Almost two decades ago, Earl Shorris, a novelist and journalist, told the editor at his publishing house that he wanted to write a book about poverty in America. The editor, to his credit, said that he didn't want just another book describing the problem. He wanted a solution. So Shorris, who had attended the University of Chicago on a scholarship many years before and who was greatly influenced by its Great Books curriculum, hit upon the idea of teaching the core texts of Western civilization to people living in poverty, whose school experience had scanted the canon or skipped it entirely. His Eureka moment came when he was visiting a prison and conducting interviews for another book he was planning to write.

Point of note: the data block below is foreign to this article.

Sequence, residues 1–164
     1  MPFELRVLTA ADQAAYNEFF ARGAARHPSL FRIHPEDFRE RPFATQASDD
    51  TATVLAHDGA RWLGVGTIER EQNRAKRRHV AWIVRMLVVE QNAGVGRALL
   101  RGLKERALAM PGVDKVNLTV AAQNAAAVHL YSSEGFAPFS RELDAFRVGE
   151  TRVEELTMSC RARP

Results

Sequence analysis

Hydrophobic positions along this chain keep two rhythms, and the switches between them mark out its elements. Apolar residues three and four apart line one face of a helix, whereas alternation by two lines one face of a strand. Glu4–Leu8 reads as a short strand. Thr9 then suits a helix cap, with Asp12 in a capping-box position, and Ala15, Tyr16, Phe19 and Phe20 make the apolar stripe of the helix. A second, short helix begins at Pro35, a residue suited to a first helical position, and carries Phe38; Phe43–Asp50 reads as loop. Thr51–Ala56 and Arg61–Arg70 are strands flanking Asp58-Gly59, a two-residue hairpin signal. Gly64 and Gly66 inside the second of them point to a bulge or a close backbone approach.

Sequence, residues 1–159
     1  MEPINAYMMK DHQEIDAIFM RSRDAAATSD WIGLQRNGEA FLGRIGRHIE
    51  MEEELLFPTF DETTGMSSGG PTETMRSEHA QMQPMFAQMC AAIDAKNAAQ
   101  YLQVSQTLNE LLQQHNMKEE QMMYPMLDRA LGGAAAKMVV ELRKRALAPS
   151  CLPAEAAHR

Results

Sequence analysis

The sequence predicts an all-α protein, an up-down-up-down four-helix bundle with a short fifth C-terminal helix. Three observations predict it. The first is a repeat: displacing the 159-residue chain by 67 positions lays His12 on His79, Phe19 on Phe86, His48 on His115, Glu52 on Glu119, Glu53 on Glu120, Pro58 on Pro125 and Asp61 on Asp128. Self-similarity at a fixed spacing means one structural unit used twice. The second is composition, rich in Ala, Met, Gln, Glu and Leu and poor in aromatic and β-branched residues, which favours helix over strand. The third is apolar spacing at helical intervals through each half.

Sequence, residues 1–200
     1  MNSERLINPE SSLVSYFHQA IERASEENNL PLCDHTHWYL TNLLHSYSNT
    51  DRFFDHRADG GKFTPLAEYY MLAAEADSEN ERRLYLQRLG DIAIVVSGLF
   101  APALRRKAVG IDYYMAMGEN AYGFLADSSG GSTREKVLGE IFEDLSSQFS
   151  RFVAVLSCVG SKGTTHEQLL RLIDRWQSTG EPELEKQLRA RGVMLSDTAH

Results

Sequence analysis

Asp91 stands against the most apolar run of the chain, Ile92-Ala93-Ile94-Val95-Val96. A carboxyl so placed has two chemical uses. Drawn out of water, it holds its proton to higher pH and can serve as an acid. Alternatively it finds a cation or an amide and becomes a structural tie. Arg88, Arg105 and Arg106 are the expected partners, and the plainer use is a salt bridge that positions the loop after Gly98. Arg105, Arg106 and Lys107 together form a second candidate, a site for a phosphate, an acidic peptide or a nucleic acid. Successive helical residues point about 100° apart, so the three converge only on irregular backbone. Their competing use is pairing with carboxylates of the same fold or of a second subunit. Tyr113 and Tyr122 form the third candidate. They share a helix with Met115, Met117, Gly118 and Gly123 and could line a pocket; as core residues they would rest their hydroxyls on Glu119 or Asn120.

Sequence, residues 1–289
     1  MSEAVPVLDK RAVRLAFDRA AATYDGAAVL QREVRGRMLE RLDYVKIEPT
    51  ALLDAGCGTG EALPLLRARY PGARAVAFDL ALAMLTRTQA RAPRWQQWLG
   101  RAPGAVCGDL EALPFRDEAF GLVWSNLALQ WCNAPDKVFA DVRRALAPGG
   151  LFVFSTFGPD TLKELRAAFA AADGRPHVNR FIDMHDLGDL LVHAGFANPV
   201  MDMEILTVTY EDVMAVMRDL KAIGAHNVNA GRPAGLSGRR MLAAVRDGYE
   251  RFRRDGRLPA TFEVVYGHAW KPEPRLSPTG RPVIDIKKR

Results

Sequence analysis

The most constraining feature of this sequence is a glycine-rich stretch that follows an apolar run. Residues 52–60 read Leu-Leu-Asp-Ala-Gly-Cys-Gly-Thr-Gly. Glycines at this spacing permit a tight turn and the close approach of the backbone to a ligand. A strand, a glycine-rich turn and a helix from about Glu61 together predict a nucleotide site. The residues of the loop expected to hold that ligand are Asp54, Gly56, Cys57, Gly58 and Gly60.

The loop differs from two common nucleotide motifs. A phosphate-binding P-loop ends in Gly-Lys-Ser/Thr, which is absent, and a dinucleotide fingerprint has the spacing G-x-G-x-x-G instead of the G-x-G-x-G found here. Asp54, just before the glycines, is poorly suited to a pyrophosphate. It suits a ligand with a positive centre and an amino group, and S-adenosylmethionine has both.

He asked one of the women at New York's Bedford Hills maximum-security prison why she thought the poor were poor. "Because they don't have the moral life of downtown," she replied. "What do you mean by the moral life?" Shorris asked. "You got to begin with the children . . . ," she said. "You've got to teach the moral life of downtown to the children. And the way you do that, Earl, is by taking them downtown to plays, museums, concerts, lectures." He asked whether she meant the humanities. Looking at him as if he were, as he puts it, "the stupidest man on earth," she replied: "Yes, Earl, the humanities."
What Would Socrates Do? By NAOMI SCHAEFER RILEY April 16, 2013, 6:18 p.m. ET
Saturday, June 8, 2013
Back from a quick trip to Illinois to see my niece graduate high school --- and finally posting this passage from a WSJ book review: